The Rise and Fall of a Rivalry by @griffTHW


As the Washington Capitals' postseason hopes went up in smoke last night, what once exemplified one of hockey's greatest rivalries suffered yet another blow.  And, while that likely constitutes an afterthought for both a Washington club seemingly headed in the wrong direction and a Pittsburgh squad struggling with recent playoff setbacks, the rest of us can't help but wonder about a rivalry that hasn't evolved into more.

A Rivalry Reborn

When Sidney Crosby and Alex Ovechkin burst on the scene following the 2004-'05 lockout, their careers were destined to intertwine.  Not only would they help their sport's effort to repair a tarnished image, but it seemed inevitable that the superstars would rejuvenate an old rivalry, a distaste that held its roots in the old Patrick Division.  The arrival of a franchise player in each Pittsburgh and Washington brought with it cravings for a return to the epic contests, the improbable comebacks and the almost annual postseason clashes fans enjoyed (mainly in Western Pennsylvania) throughout much of the '90s.

And, while both the Penguins and Capitals struggled coming out of that lockout, Crosby and Ovechkin quickly laid the foundation for their personal rivalry.  The two rookies took the league by storm, each eclipsing the century mark in terms of point production.  Ultimately, the Washington phenom claimed the Calder Trophy as rookie of the year but Crosby responded the following season, earning the Art Ross, Lester Pearson and Hart Trophies.

As the two continued their dominance of the NHL, their respective clubs grew up around them, quickly climbing the Eastern Conference leaderboard.  With that maturation came division titles, playoff experience and the renaissance of a rivalry between two franchises racing toward Stanley Cup glory.

While regular season contests between Washington and Pittsburgh always proved entertaining, hockey fans finally got what they really wanted in 2009: a postseason matchup between Crosby's Pens and Ovechkin's Caps.  It didn't disappoint.

Much to the delight of the hockey world, the series produced a "double hat trick" courtesy of Crosby and Ovechkin in Game 2, three overtime contests and two squads seesawing back and forth in a tightly contested seven game series.  Ultimately, a pair of overtime tallies courtesy of Kris Letang and Evgeni Malkin propelled the Penguins back from a 2-0 series deficit, setting the table for Marc-Andre Fleury's jaw-dropping save that catapulted Pittsburgh to a Game 7 victory.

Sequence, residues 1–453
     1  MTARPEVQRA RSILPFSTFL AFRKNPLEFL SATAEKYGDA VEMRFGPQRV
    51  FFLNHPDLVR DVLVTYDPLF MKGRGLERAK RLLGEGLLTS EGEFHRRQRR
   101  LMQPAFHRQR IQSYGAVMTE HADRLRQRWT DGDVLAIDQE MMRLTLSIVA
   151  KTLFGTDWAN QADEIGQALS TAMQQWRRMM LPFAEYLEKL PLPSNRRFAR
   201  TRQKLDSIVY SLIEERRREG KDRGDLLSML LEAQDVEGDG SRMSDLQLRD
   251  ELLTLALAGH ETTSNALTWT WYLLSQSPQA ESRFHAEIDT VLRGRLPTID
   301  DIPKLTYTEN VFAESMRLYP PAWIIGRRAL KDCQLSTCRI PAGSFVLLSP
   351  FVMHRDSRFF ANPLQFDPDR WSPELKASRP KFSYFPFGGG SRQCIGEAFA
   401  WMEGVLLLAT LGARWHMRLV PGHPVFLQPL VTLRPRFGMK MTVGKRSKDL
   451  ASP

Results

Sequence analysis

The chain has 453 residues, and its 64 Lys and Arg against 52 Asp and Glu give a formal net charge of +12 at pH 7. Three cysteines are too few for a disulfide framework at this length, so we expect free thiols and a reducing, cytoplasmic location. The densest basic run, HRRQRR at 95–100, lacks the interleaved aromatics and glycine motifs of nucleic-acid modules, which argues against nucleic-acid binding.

At the time, the second round series seemed to be somewhat of an appetizer, the first of many showdowns between two of the league's up-and-coming teams.  In hindsight, it proved to be the culmination (to this point) of a rivalry that appeared destined for so much more.

The Decline

Following one of the most memorable playoff series in recent memory, the Pens and Caps haven't come close to providing the magic they treated fans to in 2009.  Sure, it's always a spirited battle when the clubs get together, but the rivalry has steadily cooled since that single postseason matchup.

In part, things tailed off when Crosby suffered through his concussion battle and Ovechkin struggled with a brief decline in production.  In the end, the matchups just didn't feel the same without the big guns in the lineup or performing at their best.

With Sid and Ovie once again healthy and torching opposing goaltenders, however, most would still consider the rivalry fairly dormant.  After all, since the start of last year, the Pens have dominated Washington, posting a perfect 7-0 record.  In fact, Adam Oates has yet to defeat Pittsburgh behind the Capitals' bench.

Ultimately, though, rivalries are born and cultivated in the playoffs.  And, unlike what we saw in the '90s, the Penguins and Capitals simply haven't battled one another enough in the postseason to really light a fire and take things to the next level.

Could that change?  Absolutely.  Particularly with a new playoff seeding format focused on creating divisional matchups.  But with the Caps recent struggles and their exclusion from the 2014 postseason, there aren't any signs pointing toward the kind of epic showdown we witnessed in 2009.

And, as a result, we're currently left with a shell of the rivalry that could have represented so much more.



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